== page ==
Squeaky is all about the borderline genius hacks and ideas that keep literally every inch of your space pristine.
Some people love to clean. Some loathe it. Many are somewhere in between. And we get it. While cleaning might not be how you want to spend extra time on a Saturday, isn't there something so satisfying about a sparkling home?
And so, here are some smart, simple, helpful cleaning tips we feel the need to share. Because you deserve to shine.
With a 1:1 ratio of water to white vinegar, you can clean just about everything in your living space. Really. According to cleaning expert Stephanie Gerber, vinegar's "low PH and natural acidity makes it tough on bacteria and viruses lurking on surfaces in the home." Plus, it cuts right through grease. Don't love the smell of vinegar? You can soften it by infusing essential oils and citrus peels. While we could go on and on, why not click here to check out 19 ways you can clean your home, one room at a time.
Yes, essential oils have amazing scents — but did you know that some also have antimicrobial properties and can fight various viruses and bacteria on surfaces? These germ-fighting oils include lavender, thyme, peppermint, rosemary, lemongrass, and tea tree. One tip to try from the American College of Healthcare Sciences: to clean surfaces, add three drops of lavender oil, two drops of bergamot oil, and two cups of white vinegar to a spray bottle. Shake well and use with a soft wipe for cleaning.
Take out the hassle of cleaning dirty oven racks by using your tub or shower. All you need to do is liberally spray the racks with vinegar (yes, vinegar strikes again), sprinkle a generous amount of baking soda over them, and let sit for 10 minutes. Cover with hot water and let sit for another 10 minutes, and then simply use a scrub pad to easily remove grime. Everything should come right off!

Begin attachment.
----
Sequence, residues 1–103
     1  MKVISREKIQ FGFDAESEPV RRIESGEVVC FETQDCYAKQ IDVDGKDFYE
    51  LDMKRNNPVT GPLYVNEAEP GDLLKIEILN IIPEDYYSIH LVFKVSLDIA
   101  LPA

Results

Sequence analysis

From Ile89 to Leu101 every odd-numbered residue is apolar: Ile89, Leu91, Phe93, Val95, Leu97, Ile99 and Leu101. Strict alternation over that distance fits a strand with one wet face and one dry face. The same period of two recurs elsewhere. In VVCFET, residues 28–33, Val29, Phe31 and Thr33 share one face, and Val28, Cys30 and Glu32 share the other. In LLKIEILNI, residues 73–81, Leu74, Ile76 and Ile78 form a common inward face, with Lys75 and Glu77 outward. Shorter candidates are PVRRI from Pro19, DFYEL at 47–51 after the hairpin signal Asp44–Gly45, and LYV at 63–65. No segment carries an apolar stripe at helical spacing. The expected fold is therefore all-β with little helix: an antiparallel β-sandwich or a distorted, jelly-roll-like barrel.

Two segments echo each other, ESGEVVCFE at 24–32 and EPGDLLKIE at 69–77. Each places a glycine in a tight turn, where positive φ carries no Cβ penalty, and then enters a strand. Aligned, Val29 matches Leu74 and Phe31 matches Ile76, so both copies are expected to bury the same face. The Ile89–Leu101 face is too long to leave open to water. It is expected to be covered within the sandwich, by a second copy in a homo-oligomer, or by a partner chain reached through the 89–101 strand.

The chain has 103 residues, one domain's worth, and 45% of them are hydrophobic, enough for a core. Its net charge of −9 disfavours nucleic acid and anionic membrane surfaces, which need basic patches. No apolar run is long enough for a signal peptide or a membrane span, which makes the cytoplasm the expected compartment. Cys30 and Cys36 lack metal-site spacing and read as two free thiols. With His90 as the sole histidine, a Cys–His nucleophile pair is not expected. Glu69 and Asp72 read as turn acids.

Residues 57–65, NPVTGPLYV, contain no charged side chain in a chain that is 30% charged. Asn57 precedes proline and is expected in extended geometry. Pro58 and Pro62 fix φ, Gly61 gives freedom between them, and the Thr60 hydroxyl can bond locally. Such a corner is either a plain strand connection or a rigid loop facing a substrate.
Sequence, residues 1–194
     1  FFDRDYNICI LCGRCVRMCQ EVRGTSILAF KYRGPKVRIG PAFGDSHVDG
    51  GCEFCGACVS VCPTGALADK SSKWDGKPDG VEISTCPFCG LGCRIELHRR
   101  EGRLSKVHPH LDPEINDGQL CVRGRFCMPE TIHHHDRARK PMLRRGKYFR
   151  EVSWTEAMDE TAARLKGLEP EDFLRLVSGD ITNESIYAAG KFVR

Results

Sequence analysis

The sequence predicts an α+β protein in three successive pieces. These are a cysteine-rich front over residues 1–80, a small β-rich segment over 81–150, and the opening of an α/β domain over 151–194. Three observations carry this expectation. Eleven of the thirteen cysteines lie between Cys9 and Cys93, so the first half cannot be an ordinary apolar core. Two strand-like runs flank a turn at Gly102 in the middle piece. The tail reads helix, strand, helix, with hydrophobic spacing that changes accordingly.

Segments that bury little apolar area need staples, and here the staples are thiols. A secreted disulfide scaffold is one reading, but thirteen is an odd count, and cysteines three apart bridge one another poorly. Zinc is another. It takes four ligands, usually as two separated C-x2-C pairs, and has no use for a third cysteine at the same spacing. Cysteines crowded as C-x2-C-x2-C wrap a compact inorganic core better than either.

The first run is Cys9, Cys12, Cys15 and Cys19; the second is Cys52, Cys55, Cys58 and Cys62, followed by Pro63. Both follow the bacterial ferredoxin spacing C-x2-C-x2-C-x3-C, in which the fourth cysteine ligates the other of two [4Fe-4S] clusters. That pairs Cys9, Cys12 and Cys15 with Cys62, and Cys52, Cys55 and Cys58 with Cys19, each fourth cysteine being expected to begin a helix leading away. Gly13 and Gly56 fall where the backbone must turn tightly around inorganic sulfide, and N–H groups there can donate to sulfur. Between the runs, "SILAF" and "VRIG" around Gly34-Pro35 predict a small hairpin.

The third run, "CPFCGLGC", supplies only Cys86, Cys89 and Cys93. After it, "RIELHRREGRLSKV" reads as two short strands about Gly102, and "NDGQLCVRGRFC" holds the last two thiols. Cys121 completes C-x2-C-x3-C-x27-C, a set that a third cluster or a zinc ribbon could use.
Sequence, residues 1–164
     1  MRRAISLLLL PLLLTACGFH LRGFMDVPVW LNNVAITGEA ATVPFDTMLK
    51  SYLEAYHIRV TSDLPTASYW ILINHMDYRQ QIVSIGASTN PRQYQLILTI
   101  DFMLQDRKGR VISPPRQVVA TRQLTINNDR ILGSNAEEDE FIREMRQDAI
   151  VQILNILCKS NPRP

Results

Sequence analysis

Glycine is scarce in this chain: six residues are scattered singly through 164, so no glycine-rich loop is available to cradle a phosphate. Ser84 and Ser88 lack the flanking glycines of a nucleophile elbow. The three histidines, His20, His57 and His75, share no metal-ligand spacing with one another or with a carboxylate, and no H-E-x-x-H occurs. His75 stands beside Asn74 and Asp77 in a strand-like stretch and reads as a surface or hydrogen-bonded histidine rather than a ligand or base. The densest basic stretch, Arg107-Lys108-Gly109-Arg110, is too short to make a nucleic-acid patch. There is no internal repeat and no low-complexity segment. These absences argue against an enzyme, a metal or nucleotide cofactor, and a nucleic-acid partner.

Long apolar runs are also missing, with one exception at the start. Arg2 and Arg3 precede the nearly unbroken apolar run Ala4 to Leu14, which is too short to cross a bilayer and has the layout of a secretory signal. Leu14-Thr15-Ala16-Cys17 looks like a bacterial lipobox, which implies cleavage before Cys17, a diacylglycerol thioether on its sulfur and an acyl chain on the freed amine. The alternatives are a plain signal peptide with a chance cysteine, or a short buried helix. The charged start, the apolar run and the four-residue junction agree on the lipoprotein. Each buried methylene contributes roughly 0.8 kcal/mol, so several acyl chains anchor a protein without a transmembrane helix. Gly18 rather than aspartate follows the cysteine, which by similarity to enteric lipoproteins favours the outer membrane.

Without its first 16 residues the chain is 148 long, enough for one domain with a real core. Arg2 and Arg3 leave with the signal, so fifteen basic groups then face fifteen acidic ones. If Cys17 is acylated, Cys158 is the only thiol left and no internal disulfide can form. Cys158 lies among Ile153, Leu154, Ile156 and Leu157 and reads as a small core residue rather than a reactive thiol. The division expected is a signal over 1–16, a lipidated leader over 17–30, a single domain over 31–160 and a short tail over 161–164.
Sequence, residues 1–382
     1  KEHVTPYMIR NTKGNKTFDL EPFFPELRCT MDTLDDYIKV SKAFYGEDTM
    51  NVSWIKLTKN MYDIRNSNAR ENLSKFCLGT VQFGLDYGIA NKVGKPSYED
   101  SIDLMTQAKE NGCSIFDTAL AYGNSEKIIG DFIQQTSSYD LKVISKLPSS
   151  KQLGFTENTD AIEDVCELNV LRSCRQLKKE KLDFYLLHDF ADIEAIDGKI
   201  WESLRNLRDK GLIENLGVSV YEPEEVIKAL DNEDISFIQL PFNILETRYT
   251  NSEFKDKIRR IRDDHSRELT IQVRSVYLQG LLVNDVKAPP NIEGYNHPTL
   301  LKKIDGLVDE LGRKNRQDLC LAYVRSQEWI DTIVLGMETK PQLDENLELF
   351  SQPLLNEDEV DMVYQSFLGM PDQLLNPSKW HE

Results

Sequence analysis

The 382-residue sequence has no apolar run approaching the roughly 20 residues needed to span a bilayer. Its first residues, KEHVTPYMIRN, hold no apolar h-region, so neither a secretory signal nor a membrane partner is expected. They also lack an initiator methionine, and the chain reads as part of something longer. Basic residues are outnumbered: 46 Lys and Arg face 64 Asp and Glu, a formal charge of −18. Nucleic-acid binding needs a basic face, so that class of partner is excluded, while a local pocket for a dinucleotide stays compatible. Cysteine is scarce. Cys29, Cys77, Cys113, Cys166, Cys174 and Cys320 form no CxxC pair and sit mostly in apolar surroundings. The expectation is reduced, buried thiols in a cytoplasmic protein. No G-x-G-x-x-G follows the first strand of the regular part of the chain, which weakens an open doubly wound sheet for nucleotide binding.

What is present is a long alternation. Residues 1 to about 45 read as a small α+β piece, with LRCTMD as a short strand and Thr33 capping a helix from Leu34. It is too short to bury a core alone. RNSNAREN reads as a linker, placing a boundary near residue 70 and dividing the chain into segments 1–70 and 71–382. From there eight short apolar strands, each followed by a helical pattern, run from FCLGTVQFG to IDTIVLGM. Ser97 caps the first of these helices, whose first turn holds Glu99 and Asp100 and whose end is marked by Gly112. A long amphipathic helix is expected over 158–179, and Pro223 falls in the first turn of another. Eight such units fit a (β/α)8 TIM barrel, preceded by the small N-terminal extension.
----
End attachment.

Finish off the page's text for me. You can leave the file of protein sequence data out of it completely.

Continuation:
Washing soda is the secret ingredient you never knew you needed. But you do. It's more alkaline than baking soda, and helps to lift stains and brighten your laundry. It'll literally help to "strip" your laundry of dirt that you thought you had already cleaned from your clothes and linens. This video is proof of its power! (And it's a little bit gross, but so satisfying.)
So, it turns out that dishwashing liquid is also like vinegar in that it can clean many things throughout your home, not just your dishes. From kitchen cabinets to even removing dust from the leaves of your fiddle-leaf fig tree. We love using it as a way to spot clean our carpet when we have a stain: just 1/8 teaspoon of clear dish soap to 2 cups of water. So easy! Be sure to check out this article for more carpet cleaning tips since there are some stains (such as oil-based) that need an alternative type of treatment.
In a nutshell: clean everything above your floor first because things collect so much dust. We're talking lighting fixtures, pictures frames and televisions, mantels and bookshelves, sofas and chairs, and don't forget to address your window blinds and curtains. Once all of the dust has literally settled, then it's time to vacuum. When our cleaning expert told us this tip, we were like, "Of course." But we were also like, "Why didn't we think of this before?"
When paired with baking soda or ice, lemons are the MVP when it comes to cleaning and deodorizing a garbage disposal. Fresh lemons and lemon essential oils help to degrease the blades and walls, while leaving behind a wonderful citrus scent.
Not sure who first decided to try this trick, but if you have brass items (like drawer pulls or cabinet knobs), you can help them shine using ketchup. Cleaning expert Jessica Kielman says to put the items "in a saucepan and cover with ketchup or hot sauce. Bring to a boil, and then lower the heat until the brass shines like new. Rinse with warm water and dry with a soft cloth." Genius.
There are some specific ways you can store your cleaning supplies for safety and longer shelf life. For instance, start hanging your brooms upside down to prevent the bristles from bending and breaking. And avoid keeping all of your cleaners (especially harsh chemicals such as bleach or flammable products) under a kitchen or bathroom sink since those areas are prone to wetness. For more tips, click here.